Humanities Tennessee was founded in 1973 — it was known then as the Tennessee Committee for the Humanities — as a state affiliate of the NEH that was completely dependent on federal funds. Over the years, the organization has grown and increased the amount of money it raises on its own. But it still relies on its annual allowance from the NEH, which it reallocates to a number of local programs around the state. It’s one of 56 similar organizations operating in every state and territory, each of them operating on shoestring budgets of varying strengths.
“[Trump’s proposed budget] would be devastating to us, but it wouldn’t destroy us right away, for sure,” says Humanities Tennessee’s executive director, Tim Henderson. “But we do have a lot of projects we run that would likely be put on hiatus.”
It is sadly ironic that at this moment when our society needs the humanities and the arts more than ever, our nation's two major cultural agencies, the National Endowment for the Humanities and the National Endowment for the Arts, are threatened with extinction.
About 40 people assembled outside the gallery on national Arts Advocacy Day to oppose President Donald Trump’s plan to eliminate the National Endowment for the Arts and the National Endowment for the Humanities. Trump’s federal budget proposal would kill both endowments, which each receive about $148 million annually from the federal government. His budget proposal also would cut funding to the Corporation for Public Broadcasting from about $445 million last year to nothing. The president has said the moves are to help trim spending and save money, though the money allotted to all three make up a tiny fraction of the $4 trillion federal budget.
Penn released a statement on Monday criticizing President Donald Trump’s budget proposal. Penn President Amy Gutmann, Provost Vincent Price, Executive Vice President Craig Carnaroli and Executive Vice President and Perelman School of Medicine Dean Larry Jameson co-authored the , which expresses concern about proposals “to slash or eliminate federal support for scientific research, the arts, humanities, our environment and education (to name only some of the major areas that are threatened).”
The statement also included the text of an email sent by School of Arts and Sciences Dean Steven Fluharty and Associate Dean Jeffrey Kallberg to School of Arts and Sciences humanities faculty on Thursday, March 16, shortly after the initial budget proposal was released. The budget proposes the elimination of the National Endowment for the Humanities.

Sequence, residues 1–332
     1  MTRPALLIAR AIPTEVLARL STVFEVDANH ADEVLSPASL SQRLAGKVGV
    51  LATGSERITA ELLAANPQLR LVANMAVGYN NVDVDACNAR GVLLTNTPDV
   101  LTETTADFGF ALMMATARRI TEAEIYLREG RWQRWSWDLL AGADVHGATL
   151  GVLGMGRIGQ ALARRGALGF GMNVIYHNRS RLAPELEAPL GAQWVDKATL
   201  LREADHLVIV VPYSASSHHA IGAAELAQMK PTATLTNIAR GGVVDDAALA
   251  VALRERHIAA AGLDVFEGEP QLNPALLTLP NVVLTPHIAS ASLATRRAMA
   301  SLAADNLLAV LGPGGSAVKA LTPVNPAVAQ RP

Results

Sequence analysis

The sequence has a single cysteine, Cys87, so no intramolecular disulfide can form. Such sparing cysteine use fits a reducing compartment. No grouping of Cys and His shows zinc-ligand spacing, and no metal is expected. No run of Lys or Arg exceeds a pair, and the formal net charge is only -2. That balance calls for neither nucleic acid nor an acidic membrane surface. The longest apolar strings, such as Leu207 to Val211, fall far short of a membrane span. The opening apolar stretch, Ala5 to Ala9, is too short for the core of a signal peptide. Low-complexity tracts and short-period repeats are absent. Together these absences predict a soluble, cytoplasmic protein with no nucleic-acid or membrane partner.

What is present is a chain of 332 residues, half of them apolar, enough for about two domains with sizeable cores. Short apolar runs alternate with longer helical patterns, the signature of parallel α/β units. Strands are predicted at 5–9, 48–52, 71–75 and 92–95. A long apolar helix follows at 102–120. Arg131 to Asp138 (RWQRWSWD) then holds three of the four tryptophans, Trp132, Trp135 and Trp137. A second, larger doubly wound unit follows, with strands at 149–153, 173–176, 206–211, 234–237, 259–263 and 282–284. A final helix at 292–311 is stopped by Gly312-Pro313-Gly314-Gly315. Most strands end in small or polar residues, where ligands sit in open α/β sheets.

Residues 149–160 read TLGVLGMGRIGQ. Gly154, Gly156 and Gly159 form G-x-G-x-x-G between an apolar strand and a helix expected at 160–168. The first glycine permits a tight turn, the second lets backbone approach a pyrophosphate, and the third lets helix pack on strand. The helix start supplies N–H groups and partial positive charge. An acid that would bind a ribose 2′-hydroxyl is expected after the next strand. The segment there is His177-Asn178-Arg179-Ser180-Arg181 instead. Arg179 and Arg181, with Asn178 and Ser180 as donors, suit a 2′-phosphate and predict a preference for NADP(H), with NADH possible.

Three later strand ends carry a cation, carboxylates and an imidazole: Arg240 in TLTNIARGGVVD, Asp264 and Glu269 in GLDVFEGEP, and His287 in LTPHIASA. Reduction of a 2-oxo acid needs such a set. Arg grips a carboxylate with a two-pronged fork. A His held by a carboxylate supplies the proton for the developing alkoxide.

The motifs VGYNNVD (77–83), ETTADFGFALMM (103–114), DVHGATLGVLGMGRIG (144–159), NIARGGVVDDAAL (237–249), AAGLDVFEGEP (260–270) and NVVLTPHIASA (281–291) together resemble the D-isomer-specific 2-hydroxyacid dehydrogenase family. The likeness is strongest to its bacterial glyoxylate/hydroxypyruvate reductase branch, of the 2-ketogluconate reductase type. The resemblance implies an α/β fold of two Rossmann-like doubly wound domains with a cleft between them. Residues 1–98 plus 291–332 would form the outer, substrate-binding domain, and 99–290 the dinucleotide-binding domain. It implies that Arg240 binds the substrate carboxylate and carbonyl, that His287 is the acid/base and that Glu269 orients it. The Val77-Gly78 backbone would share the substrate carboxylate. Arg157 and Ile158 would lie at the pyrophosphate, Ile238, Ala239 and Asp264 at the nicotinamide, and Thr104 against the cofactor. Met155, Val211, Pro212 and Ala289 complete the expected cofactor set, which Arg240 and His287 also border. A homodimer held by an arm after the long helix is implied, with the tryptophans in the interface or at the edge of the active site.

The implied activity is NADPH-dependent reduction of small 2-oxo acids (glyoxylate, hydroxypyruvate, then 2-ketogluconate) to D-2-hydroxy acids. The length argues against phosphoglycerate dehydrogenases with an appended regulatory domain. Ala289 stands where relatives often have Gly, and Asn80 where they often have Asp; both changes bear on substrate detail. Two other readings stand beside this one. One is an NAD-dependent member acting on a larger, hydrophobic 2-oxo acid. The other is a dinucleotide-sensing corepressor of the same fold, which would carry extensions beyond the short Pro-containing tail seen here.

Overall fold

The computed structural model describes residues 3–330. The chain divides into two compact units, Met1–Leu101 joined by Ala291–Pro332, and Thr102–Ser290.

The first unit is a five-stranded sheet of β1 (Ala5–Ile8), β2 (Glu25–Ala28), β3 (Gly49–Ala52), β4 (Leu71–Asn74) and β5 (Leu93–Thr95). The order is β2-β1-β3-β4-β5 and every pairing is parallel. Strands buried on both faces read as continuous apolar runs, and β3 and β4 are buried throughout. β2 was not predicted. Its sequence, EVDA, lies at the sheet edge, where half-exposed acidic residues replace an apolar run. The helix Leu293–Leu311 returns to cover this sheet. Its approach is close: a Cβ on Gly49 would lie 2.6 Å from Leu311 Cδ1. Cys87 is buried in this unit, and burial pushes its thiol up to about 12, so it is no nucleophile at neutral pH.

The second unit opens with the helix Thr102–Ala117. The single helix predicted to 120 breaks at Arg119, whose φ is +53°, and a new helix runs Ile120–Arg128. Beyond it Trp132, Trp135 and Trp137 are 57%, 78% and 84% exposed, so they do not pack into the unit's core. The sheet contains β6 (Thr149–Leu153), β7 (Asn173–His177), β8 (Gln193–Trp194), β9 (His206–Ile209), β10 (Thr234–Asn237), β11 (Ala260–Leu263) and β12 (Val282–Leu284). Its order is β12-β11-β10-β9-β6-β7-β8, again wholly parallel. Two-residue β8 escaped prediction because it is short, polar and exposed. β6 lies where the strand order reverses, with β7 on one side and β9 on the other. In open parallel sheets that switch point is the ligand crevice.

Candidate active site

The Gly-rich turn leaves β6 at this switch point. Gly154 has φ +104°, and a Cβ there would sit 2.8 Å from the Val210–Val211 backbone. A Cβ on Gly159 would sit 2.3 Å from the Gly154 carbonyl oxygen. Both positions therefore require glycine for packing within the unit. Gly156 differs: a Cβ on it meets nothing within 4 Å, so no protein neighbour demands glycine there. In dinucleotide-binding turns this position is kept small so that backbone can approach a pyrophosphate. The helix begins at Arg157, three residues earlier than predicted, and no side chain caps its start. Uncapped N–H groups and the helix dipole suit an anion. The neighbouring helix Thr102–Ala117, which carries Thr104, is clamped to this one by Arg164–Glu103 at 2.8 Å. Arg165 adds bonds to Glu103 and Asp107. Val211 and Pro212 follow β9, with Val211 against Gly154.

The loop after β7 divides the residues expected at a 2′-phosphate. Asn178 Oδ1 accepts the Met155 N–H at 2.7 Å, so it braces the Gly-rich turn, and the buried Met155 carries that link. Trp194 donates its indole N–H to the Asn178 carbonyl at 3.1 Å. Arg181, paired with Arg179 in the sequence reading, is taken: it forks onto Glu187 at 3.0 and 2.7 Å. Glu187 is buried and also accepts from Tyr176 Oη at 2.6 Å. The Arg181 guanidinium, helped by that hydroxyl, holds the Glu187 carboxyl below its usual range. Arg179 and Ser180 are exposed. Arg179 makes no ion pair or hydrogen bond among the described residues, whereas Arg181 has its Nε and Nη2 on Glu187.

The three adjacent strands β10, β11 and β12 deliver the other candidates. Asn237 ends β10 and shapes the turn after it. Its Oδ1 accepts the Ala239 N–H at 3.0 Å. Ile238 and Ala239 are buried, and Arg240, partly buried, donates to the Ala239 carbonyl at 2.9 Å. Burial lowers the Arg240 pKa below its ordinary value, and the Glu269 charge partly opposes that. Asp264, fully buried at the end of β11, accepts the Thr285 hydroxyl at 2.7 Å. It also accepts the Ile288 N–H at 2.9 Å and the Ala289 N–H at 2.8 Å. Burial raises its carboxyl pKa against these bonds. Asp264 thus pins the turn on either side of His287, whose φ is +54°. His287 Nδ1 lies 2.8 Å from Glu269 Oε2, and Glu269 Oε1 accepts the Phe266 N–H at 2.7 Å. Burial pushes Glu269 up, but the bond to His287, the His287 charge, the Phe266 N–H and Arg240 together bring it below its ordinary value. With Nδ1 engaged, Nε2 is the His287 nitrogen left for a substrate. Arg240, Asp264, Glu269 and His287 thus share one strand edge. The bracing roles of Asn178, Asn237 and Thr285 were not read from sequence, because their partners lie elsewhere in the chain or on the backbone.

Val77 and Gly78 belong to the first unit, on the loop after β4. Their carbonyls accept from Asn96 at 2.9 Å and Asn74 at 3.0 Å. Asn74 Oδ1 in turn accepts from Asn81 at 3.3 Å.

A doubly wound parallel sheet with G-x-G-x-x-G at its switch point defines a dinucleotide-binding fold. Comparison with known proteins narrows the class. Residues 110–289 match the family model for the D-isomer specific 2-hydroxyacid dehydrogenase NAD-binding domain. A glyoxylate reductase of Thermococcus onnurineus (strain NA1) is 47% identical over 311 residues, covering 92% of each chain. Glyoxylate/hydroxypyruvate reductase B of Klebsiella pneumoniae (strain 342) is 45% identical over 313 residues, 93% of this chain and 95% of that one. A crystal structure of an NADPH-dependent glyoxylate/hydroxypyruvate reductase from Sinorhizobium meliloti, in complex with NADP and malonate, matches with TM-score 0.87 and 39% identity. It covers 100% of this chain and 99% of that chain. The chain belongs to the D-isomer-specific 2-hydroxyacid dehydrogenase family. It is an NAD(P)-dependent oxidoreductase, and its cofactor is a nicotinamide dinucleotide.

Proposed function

“Most of us in the Penn humanities community have benefited either directly or indirectly from the support of the NEH,” the email read. “The School of Arts and Sciences affirms its unwavering support for the NEH mission, and indeed of the enduring value of the humanities that form part of the School’s own mission.
John Corrigan, the Lucius Moody Bristol Distinguished Professor of Religion and Professor of History, received the award for his exemplary scholarship in the fields of religious history, religion and emotion and religious intolerance. The $68,000 fellowship is among the most competitive and coveted in the nation. The National Research Council has classified the award as “Highly Prestigious,” a distinction reserved only for the most well-regarded academic honors. This latest award follows Corrigan’s recent highly prestigious fellowship awards from the National Endowment for the Humanities and National Humanities Center.
The yearlong ACLS fellowship will afford Corrigan the time and resources necessary to complete his book: “Religious Violence and American Foreign Policy.”
The culmination of years of research, Corrigan’s book argues that America often struggles to reckon with its national history of religious friction and factionalism. Corrigan said that he is interested in chronicling the ways that Americans tend to sanitize their conceptions of American religious history instead of grappling with its hard and unsavory truths.